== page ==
By the time the Hazzards' trial finally began, things had become even more bizarre. The investigation into Linda Hazzard's history turnd up the fact that Sam Hazzard was actually married to another woman and that he had committed bigamy by marrying Linda as well. Patient deaths linked to Linda Hazzard dated back to 1902 when she was practicing in Minnesota although she had managed to avoid charges by moving to Washington. Funded by Dora Williamson, the district attorney brought in prominent medical experts who testified that Claire Williamson had died from starvation rather than from peritonitis as the defense claimed. Not surprisingly, the defense insisted that the trial was an attempt by orthodox medicine to suppress the truth of Linda Hazzard's starvation treatment. While some of her patients attempted to testify in her defense, they were not allowed to by the judge. On the other hand, the list of names of patients who had died while in Linda Hazzard's care seemed like overwhelming evidence of her malpractice.
Whatever else you could say about the trial, it was certainly memorable. Appearing on Linda Hazzard's behalf were various patients and relatives of patients who believed strongly in her treatment despite the various deaths that had occurred. One of them, John Ivar Haglund, testified that he believed in her special diet even though his wife, Daisy, had been one of the first to die in Hazzard's care. In fact, his faith in Linda Hazzard was so strong that he allowed his young son Ivar to continue as her patient. Other patients were not so supportive, however. They testified that Linda Hazzard was frequently seen wearing clothing and jewelry belonging to dead patients. Some even alleged that she and Sam had removed the gold crowns from the mouths of dead patients to be sold to a local jeweler.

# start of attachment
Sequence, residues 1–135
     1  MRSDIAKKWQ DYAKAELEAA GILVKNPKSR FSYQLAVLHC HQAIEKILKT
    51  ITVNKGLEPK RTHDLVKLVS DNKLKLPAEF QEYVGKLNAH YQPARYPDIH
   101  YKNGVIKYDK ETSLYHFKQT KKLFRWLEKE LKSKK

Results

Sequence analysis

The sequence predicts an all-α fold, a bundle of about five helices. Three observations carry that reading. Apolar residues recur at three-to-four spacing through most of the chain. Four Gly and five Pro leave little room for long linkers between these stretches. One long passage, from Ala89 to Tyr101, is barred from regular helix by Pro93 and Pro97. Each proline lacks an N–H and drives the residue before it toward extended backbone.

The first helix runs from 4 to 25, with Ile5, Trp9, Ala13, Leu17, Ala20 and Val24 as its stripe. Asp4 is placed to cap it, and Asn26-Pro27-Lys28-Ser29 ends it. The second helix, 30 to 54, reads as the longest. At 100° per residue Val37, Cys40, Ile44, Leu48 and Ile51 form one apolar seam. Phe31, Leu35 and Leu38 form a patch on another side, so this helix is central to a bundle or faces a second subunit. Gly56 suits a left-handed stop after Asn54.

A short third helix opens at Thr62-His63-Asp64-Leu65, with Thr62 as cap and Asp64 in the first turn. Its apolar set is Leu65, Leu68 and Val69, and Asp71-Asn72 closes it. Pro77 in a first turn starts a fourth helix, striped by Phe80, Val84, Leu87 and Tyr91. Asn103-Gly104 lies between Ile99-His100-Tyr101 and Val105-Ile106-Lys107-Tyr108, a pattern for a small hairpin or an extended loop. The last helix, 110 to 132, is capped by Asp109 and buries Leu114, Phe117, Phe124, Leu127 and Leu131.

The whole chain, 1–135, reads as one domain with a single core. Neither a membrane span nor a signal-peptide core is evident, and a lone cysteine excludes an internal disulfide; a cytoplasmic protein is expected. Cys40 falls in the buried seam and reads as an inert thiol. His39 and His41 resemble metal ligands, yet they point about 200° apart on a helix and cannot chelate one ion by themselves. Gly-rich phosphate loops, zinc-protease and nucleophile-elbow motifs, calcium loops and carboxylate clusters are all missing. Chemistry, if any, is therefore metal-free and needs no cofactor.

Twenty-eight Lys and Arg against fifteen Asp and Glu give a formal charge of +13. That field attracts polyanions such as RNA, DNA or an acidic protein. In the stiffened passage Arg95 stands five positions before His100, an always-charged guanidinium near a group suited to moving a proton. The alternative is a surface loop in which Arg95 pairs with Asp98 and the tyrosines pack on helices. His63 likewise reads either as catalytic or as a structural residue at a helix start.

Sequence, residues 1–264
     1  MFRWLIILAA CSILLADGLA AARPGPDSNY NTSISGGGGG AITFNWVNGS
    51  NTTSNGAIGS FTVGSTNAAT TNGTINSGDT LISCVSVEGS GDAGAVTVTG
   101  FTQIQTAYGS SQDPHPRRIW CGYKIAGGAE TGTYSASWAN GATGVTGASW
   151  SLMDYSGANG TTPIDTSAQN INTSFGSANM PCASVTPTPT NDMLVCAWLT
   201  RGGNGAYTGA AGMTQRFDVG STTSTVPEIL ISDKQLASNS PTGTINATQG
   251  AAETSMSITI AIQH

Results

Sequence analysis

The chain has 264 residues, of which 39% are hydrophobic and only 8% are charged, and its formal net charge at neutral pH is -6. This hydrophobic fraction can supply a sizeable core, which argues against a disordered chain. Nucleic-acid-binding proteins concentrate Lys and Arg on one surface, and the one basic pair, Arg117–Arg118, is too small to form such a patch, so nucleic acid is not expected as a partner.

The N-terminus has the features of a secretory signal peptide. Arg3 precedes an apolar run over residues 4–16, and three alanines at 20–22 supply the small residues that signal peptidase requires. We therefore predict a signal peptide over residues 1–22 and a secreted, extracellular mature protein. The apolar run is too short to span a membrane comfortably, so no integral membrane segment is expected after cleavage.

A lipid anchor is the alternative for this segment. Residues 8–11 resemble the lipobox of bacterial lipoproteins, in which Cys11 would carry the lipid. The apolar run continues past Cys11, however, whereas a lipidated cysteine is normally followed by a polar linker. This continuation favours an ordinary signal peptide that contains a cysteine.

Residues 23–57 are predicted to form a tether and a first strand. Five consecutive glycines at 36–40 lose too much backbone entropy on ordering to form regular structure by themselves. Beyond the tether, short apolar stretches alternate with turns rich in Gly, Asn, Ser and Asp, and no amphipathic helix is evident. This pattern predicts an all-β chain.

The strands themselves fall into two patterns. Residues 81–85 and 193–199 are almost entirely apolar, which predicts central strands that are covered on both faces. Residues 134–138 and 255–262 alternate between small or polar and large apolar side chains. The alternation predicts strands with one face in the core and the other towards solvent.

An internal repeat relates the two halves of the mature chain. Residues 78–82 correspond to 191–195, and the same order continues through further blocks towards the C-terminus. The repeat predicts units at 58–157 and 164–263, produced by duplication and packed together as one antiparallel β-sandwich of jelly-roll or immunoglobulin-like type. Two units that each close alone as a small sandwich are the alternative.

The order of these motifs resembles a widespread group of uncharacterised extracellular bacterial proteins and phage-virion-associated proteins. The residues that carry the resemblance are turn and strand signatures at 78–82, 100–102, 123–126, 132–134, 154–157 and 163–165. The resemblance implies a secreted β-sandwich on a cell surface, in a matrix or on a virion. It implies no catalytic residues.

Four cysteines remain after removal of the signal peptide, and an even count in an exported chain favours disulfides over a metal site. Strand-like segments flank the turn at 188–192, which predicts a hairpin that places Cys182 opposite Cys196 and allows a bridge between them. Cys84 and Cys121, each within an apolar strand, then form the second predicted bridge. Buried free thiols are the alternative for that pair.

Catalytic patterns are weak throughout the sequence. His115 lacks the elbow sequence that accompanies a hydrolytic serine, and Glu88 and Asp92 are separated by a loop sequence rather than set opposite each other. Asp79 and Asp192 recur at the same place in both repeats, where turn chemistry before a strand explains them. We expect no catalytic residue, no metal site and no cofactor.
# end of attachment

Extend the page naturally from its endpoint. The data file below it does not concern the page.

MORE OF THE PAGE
The most damaging evidence against Linda Hazzard was the discovery of a badly decomposed body on the grounds of her clinic. The body was identified as a wealthy patient who had been shot in the head. While the police suspected suicide many of Linda Hazzard's accusers believed that he had been murdered so that she and her husband could control the patient's estate.
Despite a spirited defense, Linda Hazzard was convicted of manslaughter on February 4, 1912. The judge sentenced her to twenty years in prison. As the sheriff came to take her away, she loudly protested her innocence and accused conventional medical doctors of conducting a vendetta against her. "The high and mighty with the diplomas and letters after their names have done this!”, she said while being led away.
But that was hardly the end of Linda Hazzard. After serving two years in the Washington State Penitentiary at Walla Walla, she received a full parole on December 26, 1915. The governor granted her a full pardon a year later.
Linda and Sam Hazzard then moved to New Zealand where she was able to offer her services as a health specialist. Though she was not allowed to practice medicine, she still continued to write books and attract followers. After ten years, she had earned enough money to return to the United States and open a School of Health in Olalla. No longer licensed to practice medicine, Hazzard still managed to attract patients agreeing to be starved for their health. This continued until her school burned down in 1935 and was never rebuilt. Linda Hazzard died three years later, reportedly as as a result of prolonged fasting.
As for the total death count of patients under Linda Hazzard's care, that is still a matter of debate. While there are fourteen known victims, some suggest that there are far more victims still buried on the Olalla property where her clinic was located. It seems fitting that there are local legends about the ghosts of these patients being seen walking the grounds.
Probably in search of a good meal.